Challenging Dogma: Is It Really True That “ACE” Inhibitors Do Not Slow The Development/Progression Of Diabetic Nephropathy?

There was a very interesting article in this week’s New England Journal of Medicine. The article was written by Michael Mauer and associates and entitled “Renal and Retinal Effects of Enalapril and Losartan in Type 1 Diabetes.  Before I get into the study findings, I need to provide a bit of background information for those readers not up on treatment of diabetic nephropathy ( kidney disease).  Diabetic nephropathy is the most common cause of kidney failure in the U.S. and the most common reason for chronic kidney dialysis.  It is clear from the Diabetes Control and Complications Trial (DCCT) and other studies that the two biggest risk factors for the development and progression of diabretic nephopathy (in both type 1 and 2 diabetes) are blood glucose control and blood pressure.  A number of studies have also shown that use of a certain class of antihypertensive agents called angiotensin-converting enzyme inhibitors, or “ACE” inhibitors for short, can slow progression of diabetic nephropathy.  It is more or less established dogma that ACE inhibitors prevent progression of established diabetic nephropathy.  Even the American Diabetes Association strongly recommends treatment with ACE inbibitors in patients with diabetes who show even early signs of diabetic nephropathy (typically, leakage of small amounts of protein in the urine which is called microalbuminuria.  Many physicians treat their diabetic patients who do not show excessive microalbuminuria with ACE inhibitors on a prophylactic basis although the scientific evidence for such a treatment strategy is not well established.

The Mauer study design

Mauer and colleagues studied 285 people with type 1 diabetes at least 18 years of age with diabetes duration 2-20 years.  Patients were excluded from the study if they had hypertension or any evidence of diabetic nephropathy.  Most patients had kidney biopsies at the beginning and end of the study which lasted 5 years.  The patients were randomly assigned to one of three treatment groups: placebo, Losartan (an ACE inhibitor) or Enalopril (an ACE inhibitor.

Study results

Basically, the study showed no benefit in terms of development of elevated microalbumin levels with the ACE inhibitors; in fact, the Losartan group actually showed a statistically significant higher incidence of elevated microalbumin levels than did the placebo group.  Among the three  treatment groups, there were no differences in the extent of morphologic kidney changes over the 5-year period.  Both ACE inhibitor groups showed significantly less progression of diabetic retinopathy (65-70% less risk for progression).

So now what?

These results were, to say the least, surprising to many experts.  The question remains how to reconcile the Mauer study results with results of earlier studies and what to do with patients who are now being treated with ACE inhibitors?  In my opinion, we should not panic, but sit back and try to sort this all out.  There are some important limitations of the Mauer study that cannot be ignored.  First, only 25-40% of patients with diabetes ever develop diabetic nephropathy.  It seems clear that some patients are not prone to develop diabetic nephropathy despite having risk factors such as hypertension and poor glycemic control.  Some studies suggest there are genetic factors that either decrease or increase patient risks for the development of nephropathy in addition to the known clinical risk factors.  So, it is hard to know what to make of the fact that the placebo group showed only a 6% increase in cumulative incidence of abnormal levels of microalbuminuria.  Ideally, the study should have excluded patients who were at little or no risk for the development of nephropathy regardless of blood glucose control and blood pressure.  Of course, there was no way to do that.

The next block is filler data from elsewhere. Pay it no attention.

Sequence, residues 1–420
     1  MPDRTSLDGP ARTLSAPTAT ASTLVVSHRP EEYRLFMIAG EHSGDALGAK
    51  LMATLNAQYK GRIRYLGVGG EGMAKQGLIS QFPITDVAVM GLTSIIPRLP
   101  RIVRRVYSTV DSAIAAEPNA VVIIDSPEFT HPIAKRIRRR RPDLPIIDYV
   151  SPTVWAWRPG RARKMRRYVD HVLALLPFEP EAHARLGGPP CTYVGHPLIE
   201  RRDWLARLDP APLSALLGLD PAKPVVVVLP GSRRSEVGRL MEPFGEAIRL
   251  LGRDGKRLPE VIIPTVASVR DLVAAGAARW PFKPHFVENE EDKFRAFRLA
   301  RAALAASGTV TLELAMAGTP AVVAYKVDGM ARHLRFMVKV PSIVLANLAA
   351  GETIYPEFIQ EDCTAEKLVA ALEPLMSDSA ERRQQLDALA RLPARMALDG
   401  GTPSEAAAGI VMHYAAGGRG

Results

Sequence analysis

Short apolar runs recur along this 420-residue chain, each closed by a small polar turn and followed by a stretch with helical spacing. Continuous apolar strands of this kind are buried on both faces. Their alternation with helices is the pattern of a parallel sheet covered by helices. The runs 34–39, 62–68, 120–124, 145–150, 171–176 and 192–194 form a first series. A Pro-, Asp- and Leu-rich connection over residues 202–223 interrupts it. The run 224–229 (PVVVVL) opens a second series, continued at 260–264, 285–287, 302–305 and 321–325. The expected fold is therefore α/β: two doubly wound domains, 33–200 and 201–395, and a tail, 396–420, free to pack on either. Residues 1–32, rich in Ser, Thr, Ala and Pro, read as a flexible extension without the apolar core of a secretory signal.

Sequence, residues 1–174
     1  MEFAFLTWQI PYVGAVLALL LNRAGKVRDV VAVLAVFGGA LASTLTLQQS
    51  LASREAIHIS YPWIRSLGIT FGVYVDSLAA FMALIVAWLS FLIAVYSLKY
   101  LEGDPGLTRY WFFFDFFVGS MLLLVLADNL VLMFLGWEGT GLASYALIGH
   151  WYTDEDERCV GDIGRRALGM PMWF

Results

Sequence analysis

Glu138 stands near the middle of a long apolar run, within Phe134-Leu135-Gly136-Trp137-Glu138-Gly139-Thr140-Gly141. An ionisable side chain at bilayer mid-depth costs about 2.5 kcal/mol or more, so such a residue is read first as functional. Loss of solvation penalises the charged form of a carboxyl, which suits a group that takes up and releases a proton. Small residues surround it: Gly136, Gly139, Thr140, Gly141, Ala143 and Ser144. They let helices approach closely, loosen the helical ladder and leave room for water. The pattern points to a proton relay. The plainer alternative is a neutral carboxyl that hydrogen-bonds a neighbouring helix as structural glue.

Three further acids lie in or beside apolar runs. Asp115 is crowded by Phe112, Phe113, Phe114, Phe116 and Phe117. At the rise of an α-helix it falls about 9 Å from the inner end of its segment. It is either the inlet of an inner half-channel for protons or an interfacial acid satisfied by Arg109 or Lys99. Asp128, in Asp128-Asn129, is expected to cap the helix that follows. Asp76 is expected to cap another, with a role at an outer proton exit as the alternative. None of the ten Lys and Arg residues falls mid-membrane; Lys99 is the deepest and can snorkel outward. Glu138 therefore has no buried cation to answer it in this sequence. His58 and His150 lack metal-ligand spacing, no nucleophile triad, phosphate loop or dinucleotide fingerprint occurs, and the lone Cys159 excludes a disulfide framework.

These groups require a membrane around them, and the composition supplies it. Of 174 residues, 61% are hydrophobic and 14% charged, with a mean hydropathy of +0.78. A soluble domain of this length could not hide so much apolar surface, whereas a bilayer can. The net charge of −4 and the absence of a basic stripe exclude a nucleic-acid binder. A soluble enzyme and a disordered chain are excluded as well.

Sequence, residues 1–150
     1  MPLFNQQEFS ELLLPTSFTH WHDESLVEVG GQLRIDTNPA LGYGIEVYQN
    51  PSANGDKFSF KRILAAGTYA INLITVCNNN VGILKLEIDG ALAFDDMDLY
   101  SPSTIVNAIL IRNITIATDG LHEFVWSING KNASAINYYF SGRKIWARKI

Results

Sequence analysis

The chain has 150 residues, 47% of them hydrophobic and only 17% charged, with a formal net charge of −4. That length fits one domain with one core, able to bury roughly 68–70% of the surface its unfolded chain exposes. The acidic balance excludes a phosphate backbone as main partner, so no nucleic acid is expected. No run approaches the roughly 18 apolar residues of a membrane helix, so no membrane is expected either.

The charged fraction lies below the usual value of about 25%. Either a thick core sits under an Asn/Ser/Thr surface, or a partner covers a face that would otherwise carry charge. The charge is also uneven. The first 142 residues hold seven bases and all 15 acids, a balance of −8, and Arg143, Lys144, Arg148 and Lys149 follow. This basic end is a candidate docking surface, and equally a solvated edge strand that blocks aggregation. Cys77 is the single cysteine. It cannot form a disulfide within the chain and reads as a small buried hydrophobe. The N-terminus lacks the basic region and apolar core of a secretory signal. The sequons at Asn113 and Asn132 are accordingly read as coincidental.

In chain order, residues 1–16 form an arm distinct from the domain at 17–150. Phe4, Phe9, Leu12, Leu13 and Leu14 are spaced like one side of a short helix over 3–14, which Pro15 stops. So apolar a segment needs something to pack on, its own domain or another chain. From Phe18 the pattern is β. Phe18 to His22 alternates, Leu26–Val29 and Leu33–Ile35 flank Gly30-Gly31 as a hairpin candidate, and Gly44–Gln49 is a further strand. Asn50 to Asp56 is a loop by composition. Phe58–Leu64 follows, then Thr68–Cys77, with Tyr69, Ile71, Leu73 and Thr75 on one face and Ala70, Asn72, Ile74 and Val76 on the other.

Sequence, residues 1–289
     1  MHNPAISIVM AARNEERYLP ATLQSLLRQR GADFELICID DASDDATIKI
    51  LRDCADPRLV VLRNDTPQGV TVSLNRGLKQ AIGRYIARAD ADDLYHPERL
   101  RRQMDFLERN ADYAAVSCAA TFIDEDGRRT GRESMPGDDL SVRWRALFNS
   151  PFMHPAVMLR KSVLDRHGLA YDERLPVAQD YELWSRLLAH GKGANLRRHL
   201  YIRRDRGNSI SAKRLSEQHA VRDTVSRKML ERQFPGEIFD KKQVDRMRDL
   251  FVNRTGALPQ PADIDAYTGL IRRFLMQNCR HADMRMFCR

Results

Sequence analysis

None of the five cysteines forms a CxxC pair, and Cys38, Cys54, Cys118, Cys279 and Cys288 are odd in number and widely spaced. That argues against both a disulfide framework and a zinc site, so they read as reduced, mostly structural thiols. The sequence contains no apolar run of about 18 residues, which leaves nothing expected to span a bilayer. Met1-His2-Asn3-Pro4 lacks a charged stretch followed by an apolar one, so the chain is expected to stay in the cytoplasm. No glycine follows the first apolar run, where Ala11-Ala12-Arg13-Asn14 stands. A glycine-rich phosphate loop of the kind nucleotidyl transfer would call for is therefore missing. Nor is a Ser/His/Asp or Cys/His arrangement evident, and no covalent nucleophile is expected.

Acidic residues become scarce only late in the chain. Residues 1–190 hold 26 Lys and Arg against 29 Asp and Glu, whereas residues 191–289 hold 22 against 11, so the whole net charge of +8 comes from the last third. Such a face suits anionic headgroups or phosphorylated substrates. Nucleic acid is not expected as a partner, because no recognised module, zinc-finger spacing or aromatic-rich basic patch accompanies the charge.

Also, I wonder whether the investigators should have looked at their data with regard to patients’ levels of glycemic control?   The only A1c data in the study were baseline A1cs in the three treatment groups to show that the groups were similar at baseline in terms of glycemic control.  We already know that the level of HbA1c is a strong risk predictor for the development/progression of diabetic nephropathy.  Maybe the A1c trumps the effects of the ACE inhibitor; perhaps the ACE inhibitor is not protective unless the A1c is low?

So, for now I would recommend using an ACE inhibitor as a first line choice for treating hypertension in a patient with diabetes.  I would not, however (and never did) consider using ACE inhibitors to prevent the development of diabetic nephropathy.  I am still undecided whether to recommend an ACE inhibitor to a patient with abnormal and steadily increasing levels of microalbuminuria.  Of course, what complicates all of this are the Mauer study data on diabetic retinopathy; maybe the new dogma will be that ACE inhibitors should be used in all patients with diabetes to prevent/slow progression of diabetic retinopathy?  Most important, we should not forget the old dogma which still stands- glycemic control and blood pressure are both proven powerful risk factors for the development/progression of all diabetic complications.  If one “covers” all the risk factors for diabetic complications, there is no need to debate whether ACE inhibitors help or not.

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